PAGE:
Finance

California’s Youngest City May Be the Nation’s Shortest-Lived

Jurupa Valley is at risk of insolvency. But unlike many cities, its fiscal problems really aren't its fault.
December 2013
 

Jurupa Valley is the youngest city in California, but it could soon become one of the shortest-lived municipalities in history. Incorporated just two years ago, Jurupa may be insolvent after 2014, officials says, unless the state steps in to help.

One key difference makes this suburban city of 100,000 stand out from the likes of San Bernadino, Detroit and other bankrupt cities: Jurupa’s fiscal insolvency really isn’t its fault.

Just two days before Jurupa became a city in 2011, California legislators, in an effort to balance the state’s budget, raided a fund that had been set up to help new municipalities. That fund, which derived its revenue from vehicle license fees, provided extra cash to newly incorporated cities in order to help balance a property tax inequity that new jurisdictions faced thanks to a state proposition passed in 2004. The revenue loss has also hurt other Riverside County cities, including Eastvale, Menifee and Wildomar. But it’s hit Jurupa Valley the hardest. The city lost out on $6.8 million in its first year, or 47 percent of its budget.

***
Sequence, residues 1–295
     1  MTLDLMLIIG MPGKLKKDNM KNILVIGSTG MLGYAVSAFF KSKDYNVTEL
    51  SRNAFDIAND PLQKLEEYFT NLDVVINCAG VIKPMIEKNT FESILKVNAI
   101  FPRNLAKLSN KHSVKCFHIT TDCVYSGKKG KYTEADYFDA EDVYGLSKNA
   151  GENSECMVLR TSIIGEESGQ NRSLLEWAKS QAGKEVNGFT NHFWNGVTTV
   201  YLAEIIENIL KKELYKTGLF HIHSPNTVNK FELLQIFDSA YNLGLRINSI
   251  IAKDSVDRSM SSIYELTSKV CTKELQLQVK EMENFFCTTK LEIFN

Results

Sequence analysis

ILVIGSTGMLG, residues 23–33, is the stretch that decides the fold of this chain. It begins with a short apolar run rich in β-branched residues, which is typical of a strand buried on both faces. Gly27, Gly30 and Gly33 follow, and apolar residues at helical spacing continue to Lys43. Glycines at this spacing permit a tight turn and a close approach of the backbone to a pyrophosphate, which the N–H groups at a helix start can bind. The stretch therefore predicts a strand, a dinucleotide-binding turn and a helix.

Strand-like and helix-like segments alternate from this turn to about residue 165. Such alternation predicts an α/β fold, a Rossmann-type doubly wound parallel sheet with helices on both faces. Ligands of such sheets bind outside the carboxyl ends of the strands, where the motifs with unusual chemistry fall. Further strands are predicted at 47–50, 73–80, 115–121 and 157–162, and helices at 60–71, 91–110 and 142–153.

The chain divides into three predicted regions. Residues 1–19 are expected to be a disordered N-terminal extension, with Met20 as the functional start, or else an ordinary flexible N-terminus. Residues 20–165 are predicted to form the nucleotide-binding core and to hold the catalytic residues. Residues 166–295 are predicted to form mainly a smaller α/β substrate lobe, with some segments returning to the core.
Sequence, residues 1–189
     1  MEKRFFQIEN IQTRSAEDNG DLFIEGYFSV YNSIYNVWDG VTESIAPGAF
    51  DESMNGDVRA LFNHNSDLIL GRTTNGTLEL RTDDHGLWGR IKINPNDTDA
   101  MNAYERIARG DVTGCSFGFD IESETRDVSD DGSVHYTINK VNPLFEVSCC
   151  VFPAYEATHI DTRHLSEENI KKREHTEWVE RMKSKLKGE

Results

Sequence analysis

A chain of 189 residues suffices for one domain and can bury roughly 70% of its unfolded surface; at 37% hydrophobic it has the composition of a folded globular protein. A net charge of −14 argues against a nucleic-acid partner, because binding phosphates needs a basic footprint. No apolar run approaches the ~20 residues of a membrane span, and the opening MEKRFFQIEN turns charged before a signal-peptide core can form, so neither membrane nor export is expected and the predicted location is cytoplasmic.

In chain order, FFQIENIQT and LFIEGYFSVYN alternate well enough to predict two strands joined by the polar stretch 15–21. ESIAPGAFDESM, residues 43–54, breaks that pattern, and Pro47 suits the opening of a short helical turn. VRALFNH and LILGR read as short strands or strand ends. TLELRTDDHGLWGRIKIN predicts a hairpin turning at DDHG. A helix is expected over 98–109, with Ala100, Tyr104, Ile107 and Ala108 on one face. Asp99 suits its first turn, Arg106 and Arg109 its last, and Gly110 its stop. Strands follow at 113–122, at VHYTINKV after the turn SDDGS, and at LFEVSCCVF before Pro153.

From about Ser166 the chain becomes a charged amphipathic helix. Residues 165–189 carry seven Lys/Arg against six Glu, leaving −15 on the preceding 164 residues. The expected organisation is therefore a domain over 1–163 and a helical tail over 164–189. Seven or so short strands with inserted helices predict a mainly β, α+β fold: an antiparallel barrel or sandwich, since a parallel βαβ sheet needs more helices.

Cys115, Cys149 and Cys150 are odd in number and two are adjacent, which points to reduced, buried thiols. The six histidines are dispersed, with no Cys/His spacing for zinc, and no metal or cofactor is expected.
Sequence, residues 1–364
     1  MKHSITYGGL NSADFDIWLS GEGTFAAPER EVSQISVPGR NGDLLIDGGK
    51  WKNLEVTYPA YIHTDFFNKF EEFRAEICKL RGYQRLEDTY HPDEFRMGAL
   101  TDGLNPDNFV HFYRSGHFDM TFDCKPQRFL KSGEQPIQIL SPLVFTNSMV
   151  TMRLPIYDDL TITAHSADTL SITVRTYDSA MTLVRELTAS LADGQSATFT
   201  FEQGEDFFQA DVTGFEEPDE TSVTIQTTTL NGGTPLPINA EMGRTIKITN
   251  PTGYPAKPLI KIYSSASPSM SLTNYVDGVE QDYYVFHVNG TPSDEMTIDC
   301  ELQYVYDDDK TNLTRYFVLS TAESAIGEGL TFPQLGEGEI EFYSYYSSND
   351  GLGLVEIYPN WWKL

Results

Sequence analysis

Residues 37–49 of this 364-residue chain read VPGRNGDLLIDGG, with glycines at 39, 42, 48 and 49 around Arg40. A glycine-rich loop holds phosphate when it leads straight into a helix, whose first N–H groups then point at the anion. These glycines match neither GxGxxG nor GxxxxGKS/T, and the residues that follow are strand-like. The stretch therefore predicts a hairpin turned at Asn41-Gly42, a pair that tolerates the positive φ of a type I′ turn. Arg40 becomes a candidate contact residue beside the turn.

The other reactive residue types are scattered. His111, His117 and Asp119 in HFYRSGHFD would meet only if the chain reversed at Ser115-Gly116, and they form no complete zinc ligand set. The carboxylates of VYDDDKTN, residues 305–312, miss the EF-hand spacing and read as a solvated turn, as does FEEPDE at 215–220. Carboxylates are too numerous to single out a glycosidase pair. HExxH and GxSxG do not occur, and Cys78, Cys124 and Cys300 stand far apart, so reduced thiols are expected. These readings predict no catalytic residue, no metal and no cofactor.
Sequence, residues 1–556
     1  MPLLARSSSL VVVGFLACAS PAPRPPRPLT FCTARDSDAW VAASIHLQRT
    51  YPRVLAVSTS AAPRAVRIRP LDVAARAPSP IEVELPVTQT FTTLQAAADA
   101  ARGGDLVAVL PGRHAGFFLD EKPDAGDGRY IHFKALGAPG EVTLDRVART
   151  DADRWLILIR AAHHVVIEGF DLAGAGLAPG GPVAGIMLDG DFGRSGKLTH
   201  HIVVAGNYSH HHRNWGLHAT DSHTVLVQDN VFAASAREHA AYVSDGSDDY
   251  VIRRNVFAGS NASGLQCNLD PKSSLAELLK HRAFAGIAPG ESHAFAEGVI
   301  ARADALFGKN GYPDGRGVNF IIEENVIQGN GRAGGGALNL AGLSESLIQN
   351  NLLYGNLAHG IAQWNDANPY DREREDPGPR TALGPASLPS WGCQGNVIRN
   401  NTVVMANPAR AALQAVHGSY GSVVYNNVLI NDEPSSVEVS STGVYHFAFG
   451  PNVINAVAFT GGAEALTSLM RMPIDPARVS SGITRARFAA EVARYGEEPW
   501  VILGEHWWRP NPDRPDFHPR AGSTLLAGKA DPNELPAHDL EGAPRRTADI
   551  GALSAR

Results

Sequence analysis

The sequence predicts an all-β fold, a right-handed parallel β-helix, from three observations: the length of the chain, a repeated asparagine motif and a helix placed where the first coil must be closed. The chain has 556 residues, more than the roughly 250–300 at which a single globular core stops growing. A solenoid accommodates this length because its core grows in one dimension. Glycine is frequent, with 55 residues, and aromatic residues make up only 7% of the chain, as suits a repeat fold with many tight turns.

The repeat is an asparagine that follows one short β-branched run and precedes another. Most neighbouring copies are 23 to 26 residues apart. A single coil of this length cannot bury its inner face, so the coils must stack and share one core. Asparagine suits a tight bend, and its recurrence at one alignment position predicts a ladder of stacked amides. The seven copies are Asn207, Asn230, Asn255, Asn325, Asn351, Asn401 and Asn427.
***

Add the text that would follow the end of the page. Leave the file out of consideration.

“We’re trying really hard to make state legislators understand we’re not coming up there for a handout,” says Mayor Verne Lauritzen. “Just fix what you did to us. We’re not asking for anything special.”

Over the past two years, the city has cut to the bone to stay alive—it contracts out all its services and it rents space in a strip mall for city hall offices—while unsuccessfully lobbying Sacramento to reinstate the fund for new cities. If the state doesn’t reopen the fund, it’s conceivable that Jurupa Valley could become the last city to incorporate in the state.

“We should have been dead a long time ago,” Lauritzen says. “We have positioned ourselves to where we can last 18 months or so before we run out of money. So we have one more shot.”

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